Where's Dickie? We've lost Dickie
Steve Hatton

The 1971 Luke's Loughborough match at the Stoop Memorial Ground was my first experience of a away rugby match.

In the midst of the three day week the game went ahead and the Killerton Boys got themselves organised.

A coach was booked and left from Killerton car park early Friday afternoon - complete with crates of beer surreptitiously placed on the rear seats. Singing, drinking and general merriment ensued. Sir Richard decided to travel with us on the coach and, much to the drivers annoyance, when we asked him to pull over to the roadside for "a comfort break" Sir Richard was amongst those lined up against the side of the coach.

I don't recall much of the trip other than as we passed through London, we pulled up at a set of traffic light at a junction and Sean Noe suddenly jumped up, ran to the front of the coach and shouted back  "I live just up the road". Without further ado, he opened the door, crossed to the pavement  and disappeared into crowds.

Taff had arranged accommodation at a hotel in Leinster Square. When we arrived we were assigned rooms where we left our belongings, and as far as I can recall, most of us spent most of the evening in the bar of the hotel.

The following morning a game had been arranged against Kingston. One of Taffy Thomas' friends was studying at Kingston College and a rugby match had been arranged there for the morning. We were taken by our coach to Kingston but the  game had been cancelled. However, not to be disappointed, we were entertained in the clubroom until it was time to get on the coach for the trip back to the Stoop Memorial Ground.

Stoop.jpgThe details of the match are better reported elsewhere. St Luke's did lose by a very small margin, though the report in the papers the following morning suggested that whilst the game may have been taken by Loughborough, the support and the singing was very much won by St Luke's.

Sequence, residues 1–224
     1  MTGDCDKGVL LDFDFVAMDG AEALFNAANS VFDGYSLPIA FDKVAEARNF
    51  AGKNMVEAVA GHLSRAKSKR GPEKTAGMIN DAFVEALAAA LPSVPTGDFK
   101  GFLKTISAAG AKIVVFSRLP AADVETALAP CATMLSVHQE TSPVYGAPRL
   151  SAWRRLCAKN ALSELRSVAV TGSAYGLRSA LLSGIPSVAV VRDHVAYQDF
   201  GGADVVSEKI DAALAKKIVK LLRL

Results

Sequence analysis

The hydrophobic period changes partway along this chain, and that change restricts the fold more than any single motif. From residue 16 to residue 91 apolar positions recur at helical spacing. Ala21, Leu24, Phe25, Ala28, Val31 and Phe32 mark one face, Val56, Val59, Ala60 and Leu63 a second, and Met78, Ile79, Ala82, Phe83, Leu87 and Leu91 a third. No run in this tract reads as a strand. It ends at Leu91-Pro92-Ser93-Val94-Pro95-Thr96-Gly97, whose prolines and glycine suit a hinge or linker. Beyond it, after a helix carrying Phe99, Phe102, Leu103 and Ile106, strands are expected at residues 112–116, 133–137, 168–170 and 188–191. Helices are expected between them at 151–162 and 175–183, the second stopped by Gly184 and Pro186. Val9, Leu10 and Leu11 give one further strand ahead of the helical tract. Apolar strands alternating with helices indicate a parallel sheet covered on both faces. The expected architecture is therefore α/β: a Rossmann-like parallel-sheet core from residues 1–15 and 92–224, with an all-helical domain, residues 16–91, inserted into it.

That evening many people decided to go for a meal at a carvery in/near Trafalgar Square. I tagged along, but being a vegetarian I chose not to go to the Carvery, but instead wandered the streets till I found a chippy. I did return to the pub to catch up for drinks later.

Taff had chosen Leinster Square for its proximity to Hyde Park, so on Sunday morning, and after breakfast we took a slow walk to Speakers Corner. The coach was to meet us there at noon.

By 12 o clock, all had gathered on the corner opposite Marble Arch, all except Sir Richard. He had been staying with his son, Henry.

The Coach arrived, but still no sign of Sir Richard.

The coach was waved off and told to go round the block.

Still no sign of Sir Richard.

Thrice round the block and eventually we had to board the coach and leave - police were eyeing us suspiciously.

The trip home was worrying. Had we lost a knight of the realm? What would Lady Anne say? What would the College say? Taff was convinced his time at St Luke's was at an end.

As we drove up the drive towards the House, there was great relief to see Sir Richard and Lady Anne on the steps waiting to greet us. He dismissed our apologies for leaving him. Apparently he had been on the roof of the Odeon Cinema opposite Hyde Park, waving at us. He saw us leave and took a cab to the station and caught a train to Exeter. Lady Anne collected him from the station.

A memorable trip.